" Why? " not crushed, not even " dumb, because Thou 
did'st it," but praising Him, with each fresh pang, as 
we bury hope after hope. He pours the balm in, and 
we are comforted again at once and are strong, and 
the praise wells up anew. 

If the secretaries had cabled us the mother would 
have received it alone in the midst of intense heat and 
hard work, and feeling more weary than for years. God 
guided the kind hearts to withhold it. We thank Him 
and them. 

We thank God for royal love and hospitality from 
the Y. M. C. A. here. 

The few friends left up here have been lovely in 
their sympathy; the majestic beauty around keeps us 
close to God. The long walks invigorate. Every hour 
together is so sweet, so precious. Last night's mail 
brought twenty letters, from the Secretaries, the Presi- 
dent of Beloit College, his Professors, his friends and 
ours. We were humbled and almost astounded as we 
read them. Was it our child of whom they spoke such 
wonderful words? Oh, thank God that we had any- 
thing so precious to give Him! " 

Who are we that we should be so honored ! 


And now for our " new China," that so sorely needs 
alert, devoted, self -sacrificing lives! O beginnings of 
the Greater Beloit! Precious, dearly-bought classes of 
1909 and 1910, we look to you. Who will step into 
that vacant place, close up the ranks, and march 
with us? 

By the pain, by the costly sacrifice, by the long years 
we must wait to hear again his dear voice say : " Father," 
" Mother," we charge you, PRAY FOR CHINA ALWAYS. 

Mrs. Browning wrote: 

"Dead! Both my boys!' 
One of them shot in East by the sea, 
And one of them shot by the sea in the West! 
If you want a great song for your Italy free, 
Let none look to me!" 

On the suimy slope of beautiful " Mountain-view," 
in Oakland, Cal., lies the daughter whose every heart-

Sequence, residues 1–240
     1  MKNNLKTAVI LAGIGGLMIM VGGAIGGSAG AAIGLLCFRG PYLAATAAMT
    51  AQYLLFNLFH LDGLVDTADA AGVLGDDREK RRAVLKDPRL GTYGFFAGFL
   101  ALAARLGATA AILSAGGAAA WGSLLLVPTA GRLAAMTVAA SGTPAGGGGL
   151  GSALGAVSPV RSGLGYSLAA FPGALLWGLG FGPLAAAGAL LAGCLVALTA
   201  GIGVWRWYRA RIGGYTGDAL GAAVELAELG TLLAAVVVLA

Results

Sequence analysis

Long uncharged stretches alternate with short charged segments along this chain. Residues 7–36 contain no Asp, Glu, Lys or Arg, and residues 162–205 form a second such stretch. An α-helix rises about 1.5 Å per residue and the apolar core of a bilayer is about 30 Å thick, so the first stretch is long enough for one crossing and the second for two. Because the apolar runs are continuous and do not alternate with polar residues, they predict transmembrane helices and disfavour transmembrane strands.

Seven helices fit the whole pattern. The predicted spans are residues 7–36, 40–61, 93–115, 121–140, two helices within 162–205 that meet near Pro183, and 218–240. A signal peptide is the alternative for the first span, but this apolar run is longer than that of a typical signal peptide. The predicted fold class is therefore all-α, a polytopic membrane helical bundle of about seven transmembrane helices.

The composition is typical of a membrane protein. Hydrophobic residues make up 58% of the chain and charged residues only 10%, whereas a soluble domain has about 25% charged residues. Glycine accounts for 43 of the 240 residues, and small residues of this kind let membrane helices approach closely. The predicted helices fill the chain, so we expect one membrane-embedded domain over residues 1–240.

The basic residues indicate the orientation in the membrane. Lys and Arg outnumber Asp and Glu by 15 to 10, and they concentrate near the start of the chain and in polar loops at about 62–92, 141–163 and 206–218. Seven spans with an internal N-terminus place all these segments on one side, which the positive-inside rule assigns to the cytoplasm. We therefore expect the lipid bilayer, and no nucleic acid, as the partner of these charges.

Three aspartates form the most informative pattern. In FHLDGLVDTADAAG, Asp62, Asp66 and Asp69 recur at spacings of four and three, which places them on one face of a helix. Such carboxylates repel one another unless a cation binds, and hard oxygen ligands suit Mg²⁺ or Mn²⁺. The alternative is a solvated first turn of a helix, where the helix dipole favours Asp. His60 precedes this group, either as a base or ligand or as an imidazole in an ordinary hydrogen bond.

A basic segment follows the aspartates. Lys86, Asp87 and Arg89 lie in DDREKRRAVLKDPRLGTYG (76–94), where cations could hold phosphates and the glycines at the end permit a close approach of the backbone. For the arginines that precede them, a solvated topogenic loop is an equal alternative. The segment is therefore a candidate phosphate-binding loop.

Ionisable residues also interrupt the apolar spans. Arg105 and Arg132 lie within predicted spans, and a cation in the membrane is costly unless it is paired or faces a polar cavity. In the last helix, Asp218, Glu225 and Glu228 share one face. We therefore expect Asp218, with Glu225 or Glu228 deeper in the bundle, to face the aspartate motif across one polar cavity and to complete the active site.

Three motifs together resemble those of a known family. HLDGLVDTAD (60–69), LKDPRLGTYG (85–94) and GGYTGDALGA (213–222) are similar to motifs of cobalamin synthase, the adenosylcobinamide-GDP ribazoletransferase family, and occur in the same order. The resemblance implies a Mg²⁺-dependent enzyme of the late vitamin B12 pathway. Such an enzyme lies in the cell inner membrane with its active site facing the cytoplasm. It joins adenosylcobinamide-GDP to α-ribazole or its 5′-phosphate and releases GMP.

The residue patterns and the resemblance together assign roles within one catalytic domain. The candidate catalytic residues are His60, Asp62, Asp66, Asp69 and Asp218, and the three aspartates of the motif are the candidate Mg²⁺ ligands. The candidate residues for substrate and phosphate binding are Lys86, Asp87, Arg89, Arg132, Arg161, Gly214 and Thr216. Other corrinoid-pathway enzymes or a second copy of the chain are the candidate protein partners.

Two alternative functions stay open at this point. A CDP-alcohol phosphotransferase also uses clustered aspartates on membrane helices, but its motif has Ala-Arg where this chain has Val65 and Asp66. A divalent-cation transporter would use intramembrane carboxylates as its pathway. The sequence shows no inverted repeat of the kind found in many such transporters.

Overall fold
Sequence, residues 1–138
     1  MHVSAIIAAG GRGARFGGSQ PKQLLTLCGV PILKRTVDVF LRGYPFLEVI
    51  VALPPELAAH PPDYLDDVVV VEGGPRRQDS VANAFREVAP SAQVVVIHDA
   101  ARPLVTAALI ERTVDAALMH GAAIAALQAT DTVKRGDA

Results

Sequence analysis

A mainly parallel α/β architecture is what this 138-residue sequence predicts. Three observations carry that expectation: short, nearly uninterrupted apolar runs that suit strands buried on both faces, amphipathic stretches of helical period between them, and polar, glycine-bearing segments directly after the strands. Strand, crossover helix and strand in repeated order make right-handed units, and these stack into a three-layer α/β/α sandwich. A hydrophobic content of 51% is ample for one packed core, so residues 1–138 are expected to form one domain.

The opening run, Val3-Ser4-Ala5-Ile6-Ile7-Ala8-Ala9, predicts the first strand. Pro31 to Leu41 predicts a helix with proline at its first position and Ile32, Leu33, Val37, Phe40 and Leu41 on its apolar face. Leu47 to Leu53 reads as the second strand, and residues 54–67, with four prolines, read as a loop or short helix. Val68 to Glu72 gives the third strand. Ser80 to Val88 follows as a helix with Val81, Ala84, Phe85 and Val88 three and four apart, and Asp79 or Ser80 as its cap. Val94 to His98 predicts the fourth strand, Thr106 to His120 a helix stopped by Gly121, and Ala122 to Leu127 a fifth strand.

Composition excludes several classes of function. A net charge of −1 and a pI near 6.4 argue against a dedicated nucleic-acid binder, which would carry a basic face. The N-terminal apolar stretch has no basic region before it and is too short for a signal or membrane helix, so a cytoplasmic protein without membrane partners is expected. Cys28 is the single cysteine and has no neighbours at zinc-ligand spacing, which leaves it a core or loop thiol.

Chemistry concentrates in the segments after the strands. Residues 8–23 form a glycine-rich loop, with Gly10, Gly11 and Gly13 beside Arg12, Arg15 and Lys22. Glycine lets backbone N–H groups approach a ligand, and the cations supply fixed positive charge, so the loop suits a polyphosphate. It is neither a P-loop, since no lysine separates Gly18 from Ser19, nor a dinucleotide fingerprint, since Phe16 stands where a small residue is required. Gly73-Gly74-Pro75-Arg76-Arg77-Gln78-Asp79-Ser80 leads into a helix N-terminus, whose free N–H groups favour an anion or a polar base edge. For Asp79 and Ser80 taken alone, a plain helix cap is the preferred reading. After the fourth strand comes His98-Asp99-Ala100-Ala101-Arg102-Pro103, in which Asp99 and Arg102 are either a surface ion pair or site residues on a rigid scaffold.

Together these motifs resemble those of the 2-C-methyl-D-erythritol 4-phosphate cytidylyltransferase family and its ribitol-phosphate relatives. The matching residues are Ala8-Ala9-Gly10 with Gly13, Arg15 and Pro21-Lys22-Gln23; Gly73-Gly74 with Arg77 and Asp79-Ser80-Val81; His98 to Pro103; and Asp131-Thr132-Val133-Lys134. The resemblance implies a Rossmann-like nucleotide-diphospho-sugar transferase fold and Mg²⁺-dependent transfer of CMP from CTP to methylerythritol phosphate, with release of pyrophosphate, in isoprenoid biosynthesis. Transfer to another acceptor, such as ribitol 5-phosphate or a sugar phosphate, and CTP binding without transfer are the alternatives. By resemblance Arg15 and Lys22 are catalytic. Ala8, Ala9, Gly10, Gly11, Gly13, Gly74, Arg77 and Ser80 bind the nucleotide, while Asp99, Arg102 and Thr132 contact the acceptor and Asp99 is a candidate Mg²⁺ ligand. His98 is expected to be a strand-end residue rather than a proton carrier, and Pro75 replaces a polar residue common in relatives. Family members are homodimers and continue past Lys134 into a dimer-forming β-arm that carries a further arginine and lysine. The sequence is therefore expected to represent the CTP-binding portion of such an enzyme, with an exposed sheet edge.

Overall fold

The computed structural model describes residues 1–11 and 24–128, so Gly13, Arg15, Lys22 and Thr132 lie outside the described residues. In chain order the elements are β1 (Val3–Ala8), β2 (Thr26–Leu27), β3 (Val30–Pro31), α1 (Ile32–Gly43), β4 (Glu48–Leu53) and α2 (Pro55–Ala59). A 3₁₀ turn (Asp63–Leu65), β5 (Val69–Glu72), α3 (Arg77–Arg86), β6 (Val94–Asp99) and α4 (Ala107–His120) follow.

beat was for China, who lived in America only to 
get through her studies and hasten back to her dear 
adopted home; asleep by the sea in the west. 

In the city of his love, our dear Beloit, lies the boy 
who was to have moulded lives perchance in the T'ung 
Chou college ; asleep in the east by the lake. 

And yet our song is ready. 

A few more beautiful days together and we two must 
part again. The precious books that are to help China 
must be written. That means for their author a city 
and libraries. 

Two hungry, needy parishes are already pulling on 
heart strings. (How their tears will be flowing for 
us at this moment!) 


Their prayers will soon woo one of us back to work, 
while the other goes on his way alone. 

We thought of all that this morning, as we climbed 
the hill, and then we looked at each other and said 

Give God all the glory, and for the unstinted 
and exhausting kindness of Dr. and Mrs. Collie through 
those three days, for her heroic fight to save the pre- 
cious life, for the Y. M. C. A. workers who toiled all 
day by her side, for the college chapel full of sympa- 
thizing friends, for the kind words said then of our 
Beloved, for the lovely decorations and the beautiful 
music by the Treble-clef Club, and for kind Miss Bro- 
der's cemetery guest-room for our Dead, until he find 
his last home, we thank God and bless you. 

We thank a kind Heaven that sent to stand by that 
casket one ownest own, the far-away dear " Uncle 
Will." (Rev. W. C. Merritt, who married Marie Dick- 

As the letters pour in by the score, how we praise 
God for them. Surely never before had mourners such 
wise, taught-of-God Comforters ! 

Ever yours, for Christ, 

For China 



" Bless the Lord Who crowneth thee with loving kindness and 
tender mercies." 

RULING, KIANGSI, October, 1906. 


Thank you so much for your very kind letter. Our 
sorrow has opened a Golconda mine of friends, such wise, 
sweet, comforting letters! So many beautiful souls, 
who have come out of God only knows what Geth- 
semanes themselves, and have dwelt thereafter " in the 
secret place of the Most High." They know how to 
comfort. Praise God for them ! The long printed let- 
ter will tell you general details. There has been no re- 
action. We are still steady, and brave, and triumph- 
ant. We hope some time to have a memorial volume 
of Henry's life. But just now would you like to share